Casualties of the Journey

I have, in the past, posted pieces I had completed that were not published, mainly due to questionable quality or a concept gone awry. This time, I am posting pieces that were not published but I actually like. They are casualties of the journey, the soldiers that brought the idea home by sacrificing themselves along the way! Take this one, for example, the final piece of a process that involved four completed images before settling into what you see here, in "Death In The Afternoon."



The idea was improvised during the shoot, with the model playing with some poses and red fabric. With what he was wearing, his features and hairstyle, these was definitely something Spanish and matador about him, though we did not have a real matador costume during the shoot. When I started editing, I started trying to hone in on this concept and what I could do with it. My first idea was the concept of a young man practicing, training to be a matador, and symbolically what that could mean. I built up two images from the best shots of this "series:"



Sadly, although I like the tonal qualities and poses of these images, they didn't sell the idea successfully. Why was he practicing in a field? Why indeed - I do not have shots of a bull ring, so that was not going to be possible. Gradually, the concept evolved into the bullfight as a metaphor - learning to fight, the fight as a dance, the fight as growing up. That idea gave me this piece, with the working title "Learning to Fight:"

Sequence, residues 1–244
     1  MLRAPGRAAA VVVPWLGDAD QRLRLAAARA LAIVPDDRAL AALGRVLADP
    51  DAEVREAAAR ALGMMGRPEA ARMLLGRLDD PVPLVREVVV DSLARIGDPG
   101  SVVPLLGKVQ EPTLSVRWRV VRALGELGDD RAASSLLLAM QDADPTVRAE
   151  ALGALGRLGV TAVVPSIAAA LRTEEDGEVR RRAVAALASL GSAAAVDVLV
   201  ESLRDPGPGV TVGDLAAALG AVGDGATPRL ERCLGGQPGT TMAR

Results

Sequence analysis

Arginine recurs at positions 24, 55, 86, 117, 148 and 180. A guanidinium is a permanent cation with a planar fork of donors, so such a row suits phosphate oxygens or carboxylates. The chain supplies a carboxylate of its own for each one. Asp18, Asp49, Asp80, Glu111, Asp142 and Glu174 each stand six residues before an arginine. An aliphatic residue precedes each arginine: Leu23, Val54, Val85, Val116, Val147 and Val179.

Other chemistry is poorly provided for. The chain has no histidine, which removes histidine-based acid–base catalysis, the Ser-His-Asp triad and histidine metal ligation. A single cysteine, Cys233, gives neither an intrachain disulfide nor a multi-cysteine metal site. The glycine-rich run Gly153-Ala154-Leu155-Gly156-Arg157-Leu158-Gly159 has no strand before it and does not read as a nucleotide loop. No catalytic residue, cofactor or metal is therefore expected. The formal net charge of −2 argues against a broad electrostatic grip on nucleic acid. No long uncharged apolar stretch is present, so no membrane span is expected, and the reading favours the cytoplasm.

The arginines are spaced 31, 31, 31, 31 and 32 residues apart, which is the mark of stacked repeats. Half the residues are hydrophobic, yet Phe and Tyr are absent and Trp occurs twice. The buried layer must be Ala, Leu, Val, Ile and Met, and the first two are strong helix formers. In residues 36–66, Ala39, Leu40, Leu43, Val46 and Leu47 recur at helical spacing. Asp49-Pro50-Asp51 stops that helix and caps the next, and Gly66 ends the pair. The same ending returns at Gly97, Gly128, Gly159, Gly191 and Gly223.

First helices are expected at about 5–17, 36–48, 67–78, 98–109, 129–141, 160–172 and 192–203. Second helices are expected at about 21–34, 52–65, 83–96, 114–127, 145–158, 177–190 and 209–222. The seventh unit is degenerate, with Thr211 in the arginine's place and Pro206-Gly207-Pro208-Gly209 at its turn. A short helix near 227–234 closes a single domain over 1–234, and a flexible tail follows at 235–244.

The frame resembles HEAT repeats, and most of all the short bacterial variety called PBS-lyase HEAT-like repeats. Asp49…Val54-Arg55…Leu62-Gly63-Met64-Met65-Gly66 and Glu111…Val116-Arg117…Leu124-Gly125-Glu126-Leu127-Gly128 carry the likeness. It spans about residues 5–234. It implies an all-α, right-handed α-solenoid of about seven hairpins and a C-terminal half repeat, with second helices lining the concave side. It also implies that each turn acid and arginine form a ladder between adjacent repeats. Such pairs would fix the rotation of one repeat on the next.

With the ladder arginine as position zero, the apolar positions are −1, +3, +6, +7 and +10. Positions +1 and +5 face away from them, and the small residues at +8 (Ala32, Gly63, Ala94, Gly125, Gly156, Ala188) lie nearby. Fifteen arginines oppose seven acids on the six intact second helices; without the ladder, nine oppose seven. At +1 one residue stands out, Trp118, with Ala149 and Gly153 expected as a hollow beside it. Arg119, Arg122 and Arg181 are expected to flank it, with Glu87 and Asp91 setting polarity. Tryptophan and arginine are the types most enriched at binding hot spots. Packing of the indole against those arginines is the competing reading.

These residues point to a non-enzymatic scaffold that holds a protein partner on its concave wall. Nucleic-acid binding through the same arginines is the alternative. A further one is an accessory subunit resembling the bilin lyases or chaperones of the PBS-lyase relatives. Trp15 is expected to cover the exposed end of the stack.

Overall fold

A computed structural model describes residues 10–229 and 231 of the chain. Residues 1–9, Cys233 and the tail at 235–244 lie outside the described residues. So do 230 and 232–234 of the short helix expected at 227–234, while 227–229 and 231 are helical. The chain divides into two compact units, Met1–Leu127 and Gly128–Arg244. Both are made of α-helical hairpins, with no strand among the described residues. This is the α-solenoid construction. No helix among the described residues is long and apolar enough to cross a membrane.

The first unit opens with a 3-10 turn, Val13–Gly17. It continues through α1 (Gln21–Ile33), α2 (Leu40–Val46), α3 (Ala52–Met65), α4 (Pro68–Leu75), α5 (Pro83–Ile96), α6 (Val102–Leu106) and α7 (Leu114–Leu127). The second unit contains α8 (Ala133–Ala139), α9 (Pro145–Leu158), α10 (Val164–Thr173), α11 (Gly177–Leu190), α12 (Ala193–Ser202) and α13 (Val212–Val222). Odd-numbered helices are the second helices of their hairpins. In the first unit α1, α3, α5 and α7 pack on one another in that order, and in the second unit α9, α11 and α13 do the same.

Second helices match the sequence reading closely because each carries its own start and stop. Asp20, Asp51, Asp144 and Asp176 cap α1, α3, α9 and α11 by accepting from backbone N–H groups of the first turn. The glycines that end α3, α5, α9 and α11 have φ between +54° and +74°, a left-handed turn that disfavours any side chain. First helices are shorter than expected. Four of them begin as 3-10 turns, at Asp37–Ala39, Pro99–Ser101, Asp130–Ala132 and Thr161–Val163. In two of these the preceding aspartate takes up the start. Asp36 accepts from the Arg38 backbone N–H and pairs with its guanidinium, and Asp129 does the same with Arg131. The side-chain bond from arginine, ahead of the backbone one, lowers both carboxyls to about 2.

Now, I really like this image - I like the colors, the overall flow of it, so why not post it? Well, despite the concept being there, the pose is fairly static, placid, and the knives do not seem much of a threat, so this warrior in training seems a little inept, a little too posed, where more motion and action would work better. I wish I had those shots to do over, but I don't, so this one was left on the sidelines.

At this point I had three images with none of them exactly working well enough to sell the idea. Once i merged elements of both, I pretty much got my intent completed, using the pose from "Learning To Fight" and the field and environment from the Matador pieces:


It takes a lot of restraint and discipline to hold something you work on for a long time. I used to post anything I completed, and over time, I started removing the clunkers from my online portfolios, to publish only ones that I was confident with and proud of. Nevertheless, when you spend days working on something to make it as good as it can be, it's hard to put them in the folder and tuck them away. Especially these, which I classify as "close calls." So at least they can appear here, on this blog, as a little evolution of an idea, and how it got from beginning to end.

Thanks for reading and watching!

Michael Bilotta
March 3, 2014